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Asset Mapper


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Okay, so how are we going to bring CSS and JavaScript into our app? Are we going to add a build system like Vite or Webpack? Heck no! That's one of the fun things about all of this! We're going to create something amazing with zero build system. To do that, let's install a new Symfony component called AssetMapper.

Installing AssetMapper

Spin over to our terminal and run:

composer require symfony/asset-mapper

This is the new alternative to Webpack Encore. It can do pretty much everything that Encore can do and more... but it's way simpler. You should definitely use it on new projects.

When I run:

git status

We see that its Flex recipe made a number of changes. For example, .gitignore is ignoring a public/assets/ directory and assets/vendor/:

16 lines | .gitignore
// ... lines 1 - 11
###> symfony/asset-mapper ###

We'll talk more about those later. But on production, this is where your assets will be written to and, when we install third-party JavaScript libraries, they'll live in that vendor/ directory.

It also updated base.html.twig and added an importmap.php file. But put those on the back burner for now: we'll talk about them tomorrow.

The "Mapped Paths"

For today's adventure, pretend that, when we installed this, all it gave us was a new asset_mapper.yaml file and an assets/ directory. Let's go check out that config file: config/packages/asset_mapper.yaml:

# The paths to make available to the asset mapper.
- assets/

The idea behind AssetMapper couldn't be simpler: you define paths - like the assets/ directory - and AssetMapper makes every file inside available publicly... as if they lived in the public/ directory.

Referencing an Asset File

Let's see it in action you. If you downloaded the course code, you should have a tutorial/ directory, which I added so we can copy a few things out of it. Copy logo.png. Inside assets/, we can make this look however we want. So let's create a new directory called images/ and paste that in.

Since this new files lives inside the assets/ directory, we should be able to reference it publicly. Let's do that in our base layout: templates/base.html.twig. Anywhere, say <img src="">, {{ and then use the normal asset() function. For the argument, pass the path relative to the assets/ directory. This is called the logical path: images/logo.png:

21 lines | templates/base.html.twig
<!DOCTYPE html>
// ... lines 3 - 14
<img src="{{ asset('images/logo.png') }}" alt="Space Inviters Logo" />
// ... lines 17 - 18

Before we try this, an easy way to see every asset that's available is via:

php bin/console debug:asset

Very simply: this looks through all of your mapped paths - just assets/ for us - finds every file then lists them with their logical path. So I can be lazy and copy that, paste it here.... and done.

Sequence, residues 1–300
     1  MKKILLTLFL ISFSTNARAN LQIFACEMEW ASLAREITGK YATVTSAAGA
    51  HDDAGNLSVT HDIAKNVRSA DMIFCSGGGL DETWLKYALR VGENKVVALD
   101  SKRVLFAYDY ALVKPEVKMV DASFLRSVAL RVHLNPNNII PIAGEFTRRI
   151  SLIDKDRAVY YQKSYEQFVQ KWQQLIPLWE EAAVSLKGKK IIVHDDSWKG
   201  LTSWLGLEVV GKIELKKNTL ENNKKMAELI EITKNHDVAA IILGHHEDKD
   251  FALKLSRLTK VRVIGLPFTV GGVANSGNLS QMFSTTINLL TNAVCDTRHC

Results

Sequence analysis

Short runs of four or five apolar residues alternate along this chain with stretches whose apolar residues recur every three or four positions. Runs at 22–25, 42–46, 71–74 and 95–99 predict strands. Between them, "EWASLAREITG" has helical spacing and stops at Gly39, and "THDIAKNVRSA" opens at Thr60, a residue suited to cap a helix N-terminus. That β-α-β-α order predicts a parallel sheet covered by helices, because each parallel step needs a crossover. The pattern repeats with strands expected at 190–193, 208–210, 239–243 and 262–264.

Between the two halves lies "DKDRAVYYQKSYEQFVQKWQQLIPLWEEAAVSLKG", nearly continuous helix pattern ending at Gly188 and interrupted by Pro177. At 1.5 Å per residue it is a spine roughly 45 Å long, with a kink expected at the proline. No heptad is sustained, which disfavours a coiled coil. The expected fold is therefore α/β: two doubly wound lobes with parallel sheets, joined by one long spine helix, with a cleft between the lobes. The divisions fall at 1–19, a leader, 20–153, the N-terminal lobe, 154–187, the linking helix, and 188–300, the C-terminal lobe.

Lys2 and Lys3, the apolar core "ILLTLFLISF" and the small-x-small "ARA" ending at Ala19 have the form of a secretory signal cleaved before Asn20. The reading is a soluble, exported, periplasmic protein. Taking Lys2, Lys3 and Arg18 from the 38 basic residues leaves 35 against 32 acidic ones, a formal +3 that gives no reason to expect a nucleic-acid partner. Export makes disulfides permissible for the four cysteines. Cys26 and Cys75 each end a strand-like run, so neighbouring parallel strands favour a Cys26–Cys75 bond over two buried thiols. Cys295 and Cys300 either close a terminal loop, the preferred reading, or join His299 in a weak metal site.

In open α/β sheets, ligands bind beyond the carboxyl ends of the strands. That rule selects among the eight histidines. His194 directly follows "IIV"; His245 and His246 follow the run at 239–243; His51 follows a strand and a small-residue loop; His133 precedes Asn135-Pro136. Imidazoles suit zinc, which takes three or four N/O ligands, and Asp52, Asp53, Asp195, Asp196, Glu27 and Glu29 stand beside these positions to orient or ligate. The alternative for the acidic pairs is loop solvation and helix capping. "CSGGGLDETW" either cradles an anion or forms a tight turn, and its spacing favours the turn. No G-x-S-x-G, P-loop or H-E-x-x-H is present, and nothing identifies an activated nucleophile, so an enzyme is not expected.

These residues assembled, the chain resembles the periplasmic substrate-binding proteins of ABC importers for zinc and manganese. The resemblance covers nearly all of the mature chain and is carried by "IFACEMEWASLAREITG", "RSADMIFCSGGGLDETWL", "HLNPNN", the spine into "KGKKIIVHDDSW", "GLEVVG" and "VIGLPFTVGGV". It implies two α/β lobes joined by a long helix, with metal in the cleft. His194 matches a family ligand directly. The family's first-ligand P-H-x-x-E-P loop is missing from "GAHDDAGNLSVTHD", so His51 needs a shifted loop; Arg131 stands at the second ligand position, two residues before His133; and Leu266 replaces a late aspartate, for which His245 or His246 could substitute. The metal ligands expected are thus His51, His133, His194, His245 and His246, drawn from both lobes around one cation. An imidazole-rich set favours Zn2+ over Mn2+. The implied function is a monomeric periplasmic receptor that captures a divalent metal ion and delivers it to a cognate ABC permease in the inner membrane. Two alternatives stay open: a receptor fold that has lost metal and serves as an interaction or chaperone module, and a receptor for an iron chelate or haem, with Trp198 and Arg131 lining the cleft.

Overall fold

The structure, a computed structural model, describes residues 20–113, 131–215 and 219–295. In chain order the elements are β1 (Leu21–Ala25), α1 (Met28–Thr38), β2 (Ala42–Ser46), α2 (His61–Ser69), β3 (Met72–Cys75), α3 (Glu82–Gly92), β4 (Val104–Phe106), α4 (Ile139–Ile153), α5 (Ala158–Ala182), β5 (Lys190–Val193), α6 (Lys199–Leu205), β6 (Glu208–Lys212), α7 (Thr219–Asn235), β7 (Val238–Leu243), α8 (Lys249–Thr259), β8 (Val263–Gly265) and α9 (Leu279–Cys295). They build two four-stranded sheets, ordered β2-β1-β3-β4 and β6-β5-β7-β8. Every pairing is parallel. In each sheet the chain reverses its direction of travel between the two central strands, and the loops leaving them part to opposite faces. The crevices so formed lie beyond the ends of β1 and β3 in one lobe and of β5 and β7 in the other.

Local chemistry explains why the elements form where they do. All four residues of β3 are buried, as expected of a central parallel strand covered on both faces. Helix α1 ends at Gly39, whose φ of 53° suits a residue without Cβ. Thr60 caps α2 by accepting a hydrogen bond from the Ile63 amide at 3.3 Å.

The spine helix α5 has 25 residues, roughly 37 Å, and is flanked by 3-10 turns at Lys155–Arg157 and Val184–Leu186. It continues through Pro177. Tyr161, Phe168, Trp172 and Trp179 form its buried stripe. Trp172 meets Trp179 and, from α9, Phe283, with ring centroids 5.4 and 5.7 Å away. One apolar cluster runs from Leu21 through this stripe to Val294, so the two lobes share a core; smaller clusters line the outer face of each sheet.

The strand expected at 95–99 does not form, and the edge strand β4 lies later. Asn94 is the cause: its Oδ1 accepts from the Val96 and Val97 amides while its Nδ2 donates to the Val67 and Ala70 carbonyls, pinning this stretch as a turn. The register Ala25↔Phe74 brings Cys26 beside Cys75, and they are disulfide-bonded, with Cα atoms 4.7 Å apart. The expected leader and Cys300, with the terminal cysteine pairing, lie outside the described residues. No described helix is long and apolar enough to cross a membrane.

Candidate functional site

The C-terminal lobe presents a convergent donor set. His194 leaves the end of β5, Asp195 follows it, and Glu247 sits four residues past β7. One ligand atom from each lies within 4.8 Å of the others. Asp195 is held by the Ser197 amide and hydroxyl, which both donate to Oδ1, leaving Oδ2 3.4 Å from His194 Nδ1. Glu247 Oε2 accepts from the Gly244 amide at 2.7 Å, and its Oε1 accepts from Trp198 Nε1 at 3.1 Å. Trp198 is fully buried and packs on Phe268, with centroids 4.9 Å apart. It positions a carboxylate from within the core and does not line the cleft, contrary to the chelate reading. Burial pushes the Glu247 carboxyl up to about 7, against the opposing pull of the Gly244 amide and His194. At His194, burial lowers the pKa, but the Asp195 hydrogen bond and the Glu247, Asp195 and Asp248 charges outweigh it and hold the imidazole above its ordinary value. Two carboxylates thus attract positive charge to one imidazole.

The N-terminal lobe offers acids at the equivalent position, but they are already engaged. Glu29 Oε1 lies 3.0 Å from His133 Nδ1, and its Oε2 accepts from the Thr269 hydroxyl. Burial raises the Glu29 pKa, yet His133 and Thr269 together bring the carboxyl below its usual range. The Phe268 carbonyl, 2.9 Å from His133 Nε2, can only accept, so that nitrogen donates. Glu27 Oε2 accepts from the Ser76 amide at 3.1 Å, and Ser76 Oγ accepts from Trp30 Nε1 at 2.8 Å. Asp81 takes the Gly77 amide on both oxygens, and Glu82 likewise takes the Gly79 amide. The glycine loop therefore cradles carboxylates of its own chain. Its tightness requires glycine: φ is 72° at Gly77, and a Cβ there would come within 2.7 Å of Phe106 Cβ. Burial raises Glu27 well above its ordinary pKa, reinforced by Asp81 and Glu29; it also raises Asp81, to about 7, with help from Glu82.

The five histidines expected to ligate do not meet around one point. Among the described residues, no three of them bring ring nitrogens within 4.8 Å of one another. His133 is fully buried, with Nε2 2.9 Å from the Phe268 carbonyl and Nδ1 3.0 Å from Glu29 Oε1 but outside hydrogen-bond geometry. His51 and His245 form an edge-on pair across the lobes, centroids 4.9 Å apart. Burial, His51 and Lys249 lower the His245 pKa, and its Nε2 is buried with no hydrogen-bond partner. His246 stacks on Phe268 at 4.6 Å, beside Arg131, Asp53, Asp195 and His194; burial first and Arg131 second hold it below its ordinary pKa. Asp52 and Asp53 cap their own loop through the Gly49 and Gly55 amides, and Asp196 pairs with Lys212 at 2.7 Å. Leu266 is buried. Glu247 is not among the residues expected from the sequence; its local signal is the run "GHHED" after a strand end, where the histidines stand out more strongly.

Now, when we try this, it doesn't work! The asset() function is still its own component, so let's get that installed:

composer require symfony/asset

And now.... cool logo!

Instant Asset Versioning

To see the really neat thing, inspect the image and look at the filename. It's /assets/images/logo- and then this long hash. This hash comes from the file's contents. If we updated logo.png, it would automatically generate a new hash. And that is super important for two, related, reasons. First, because when we deploy, the new filename will bust the browser cache for our users so that they see the new file immediately. And second, because of this, we can configure our production web server to serve all the assets with long-lived Expiration headers. That maximizes that caching & performance.

Serving Assets in Dev vs Prod

Now in the dev environment, there is no physical file with this filename. Instead, the request for this asset is processed through Symfony and intercepted by a core listener. That listener looks at the URL, finds the matching logo.png inside the assets/images/ directory and returns it.

But on production, that's not fast enough. So, when you deploy, you'll run:

php bin/console asset-map:compile

Very simply: this writes all the files into the public/assets/ directory. Look: in public/assets/, we now have real, physical files! So when I go over and refresh, this file isn't being processed by Symfony, it's loading one of those real files.

Now, if you ever run this command locally, make sure to delete that directory after... so it stops using the compiled versions:

rm -rf public/assets/

Wow! Day 2 is already done! We now have a way to serve images, CSS or any file publicly with automatic file versioning. The second part of AssetMapper is all about JavaScript modules. And that's tomorrow's topic.